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This protocol is adapted from those published on the NIH tetramer core [http://tetramer.yerkes.emory.edu/client/protocols
This protocol is adapted from those published on the NIH tetramer core [http://tetramer.yerkes.emory.edu/client/protocols website] with input from [http://www.massgeneral.org/research/researchlab.aspx?id=1350 Jim Moon] here at [http://www.massgeneral.org/ciid/ CIID]
Revision as of 13:39, 21 March 2012
Background To gauge whether SA is in excess. Can be used to modify step below. Non-reducing gel required to determine uncoordinated Arah2 and SA by MW
- Add 5 µl of the Arah2-biotin monomer sample (0.5 mg/ml) to 12 µl of 1X PBS
- Label three Eppendorf tubes as "2X", “1X”, and "-" and add 5 µl of the Arah2-biotin monomer preparation.
- Add 5 µl of 0.8-1mg/ml Streptavidin to the tube labeled "2X".
- Add 2.5 µl of 0.8-1mg/ml Streptavidin and 2.5 µl of ddH2O to the tube labeled “1X”
- Add 5 µl of ddH2O to the tube labeled "-".
- Mix completely but gently.
- Incubate samples at room temperature for one hour.
- Add 10 µl of 2X loading buffer (non-reducing) to each sample.
- Do not boil or add DTT to either sample.
- Prepare and run samples on a 12% SDS-page gel.
- Stain the gel with 20% acetic acid and 0.1% Commassie blue in 100% methanol.
- Destain the gel using 40% EtOH and 10% acetic acid.
The following information is a generalization of how much labeled streptavidin to add to the biotinylated monomers at the last stage of the tetramer preparation. The actual amount of streptavidin to be added depends both on the molecular weight of the monomer as well as the percent biotinylation. In the Altman Lab, this amount will be calculated for you in the "JDA Tetramer stocks" database and given as a total volume to be added to the monomer solution. As such, it is necessary to divide this amount by ten to arrive at the amount to be added per time interval.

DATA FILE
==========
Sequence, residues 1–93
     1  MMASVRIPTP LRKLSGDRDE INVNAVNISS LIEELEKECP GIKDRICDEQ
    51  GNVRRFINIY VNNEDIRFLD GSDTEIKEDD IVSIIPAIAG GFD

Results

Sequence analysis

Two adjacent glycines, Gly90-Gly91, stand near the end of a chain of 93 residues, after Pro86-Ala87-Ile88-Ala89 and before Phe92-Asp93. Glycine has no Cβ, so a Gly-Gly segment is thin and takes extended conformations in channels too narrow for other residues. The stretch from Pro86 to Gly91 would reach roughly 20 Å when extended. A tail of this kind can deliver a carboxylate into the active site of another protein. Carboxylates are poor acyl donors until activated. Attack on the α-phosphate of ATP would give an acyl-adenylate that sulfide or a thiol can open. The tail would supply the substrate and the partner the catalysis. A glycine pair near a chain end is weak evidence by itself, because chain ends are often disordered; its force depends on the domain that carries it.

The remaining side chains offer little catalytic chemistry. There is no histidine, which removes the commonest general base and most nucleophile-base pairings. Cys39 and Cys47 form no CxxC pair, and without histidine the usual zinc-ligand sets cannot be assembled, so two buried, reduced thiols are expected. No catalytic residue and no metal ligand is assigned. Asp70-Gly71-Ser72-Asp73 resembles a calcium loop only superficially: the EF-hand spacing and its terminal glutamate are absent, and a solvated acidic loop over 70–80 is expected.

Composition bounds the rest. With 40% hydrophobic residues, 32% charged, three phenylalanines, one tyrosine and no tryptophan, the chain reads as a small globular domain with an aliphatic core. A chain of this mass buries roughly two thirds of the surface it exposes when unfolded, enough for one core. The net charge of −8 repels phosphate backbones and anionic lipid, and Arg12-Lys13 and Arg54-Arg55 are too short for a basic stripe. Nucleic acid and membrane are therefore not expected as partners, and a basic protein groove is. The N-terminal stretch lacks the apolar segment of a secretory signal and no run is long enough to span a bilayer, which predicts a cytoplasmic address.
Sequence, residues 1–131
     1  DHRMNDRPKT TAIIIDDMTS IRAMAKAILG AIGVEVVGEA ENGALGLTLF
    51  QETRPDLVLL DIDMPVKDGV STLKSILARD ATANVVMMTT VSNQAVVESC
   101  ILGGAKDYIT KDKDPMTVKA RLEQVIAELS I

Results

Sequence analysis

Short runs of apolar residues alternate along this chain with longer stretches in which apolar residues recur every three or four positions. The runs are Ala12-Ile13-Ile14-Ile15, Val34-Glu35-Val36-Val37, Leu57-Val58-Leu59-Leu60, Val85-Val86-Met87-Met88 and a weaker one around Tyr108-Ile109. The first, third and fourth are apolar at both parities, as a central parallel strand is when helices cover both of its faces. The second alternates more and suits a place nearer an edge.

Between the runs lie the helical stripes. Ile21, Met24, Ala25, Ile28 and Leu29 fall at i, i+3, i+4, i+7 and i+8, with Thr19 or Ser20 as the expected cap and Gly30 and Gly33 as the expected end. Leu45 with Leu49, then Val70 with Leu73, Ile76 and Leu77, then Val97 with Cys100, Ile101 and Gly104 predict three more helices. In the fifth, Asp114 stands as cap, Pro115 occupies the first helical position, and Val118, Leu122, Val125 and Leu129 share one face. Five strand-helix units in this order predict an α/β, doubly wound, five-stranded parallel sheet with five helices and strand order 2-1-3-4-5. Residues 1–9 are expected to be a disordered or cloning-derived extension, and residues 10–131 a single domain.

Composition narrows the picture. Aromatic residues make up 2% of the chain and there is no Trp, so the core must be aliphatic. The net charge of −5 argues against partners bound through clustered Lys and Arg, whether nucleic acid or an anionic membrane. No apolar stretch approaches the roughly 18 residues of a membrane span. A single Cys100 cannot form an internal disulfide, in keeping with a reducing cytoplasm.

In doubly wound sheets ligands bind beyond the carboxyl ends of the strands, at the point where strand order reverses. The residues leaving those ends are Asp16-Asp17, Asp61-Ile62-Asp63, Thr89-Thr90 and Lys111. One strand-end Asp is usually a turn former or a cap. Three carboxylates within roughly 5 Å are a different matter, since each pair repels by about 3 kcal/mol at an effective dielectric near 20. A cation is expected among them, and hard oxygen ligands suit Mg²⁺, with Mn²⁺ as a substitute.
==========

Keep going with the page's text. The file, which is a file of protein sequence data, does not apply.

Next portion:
The procedure of adding the streptavidin over 10 time intervals is designed to maximize tetramer formation. At early additions, the biotinylated MHC will be in excess and will saturate all of the avidin. At the conclusion of the streptavidin addition, there may be an excess of avidin, however, the assumption is that most of the MHC will have gone into tetramers. If the streptavidin was added at one time and was in excess, the resulting solution would be more likely to exist as a mixture of monomers/dimers/trimers.
Comments on stretpavidin addition protocol
- After step 1, biotinylated monomer is present in vast excess, and all the biotin binding sites on the added streptavidin are occupied with MHC monomer
- After step 2, biotinylated monomer is still present in excess, and all the biotin binding sites on the added streptavidin are occupied with MHC monomer.
- After step 9, the concentrations of biotinylated monomer and biotin binding sites on the streptavidin are nearly identical. Note that for this example, we have consciously overestimated the concentration of biotinylated monomer. Normally, we try to shoot for "equimolarity" at step 10.
- The addition of streptavidin in steps 10 adds excess streptavidin, which remains free. The excess streptavidin will not bind to cells when used in staining reactions. Of course, it could increase the staining background, but it won't be in vast excess, so its contribution to the background noise will be minimal.
- Who has experience with this protocol?
- Email Wayne Shreffler through OpenWetWare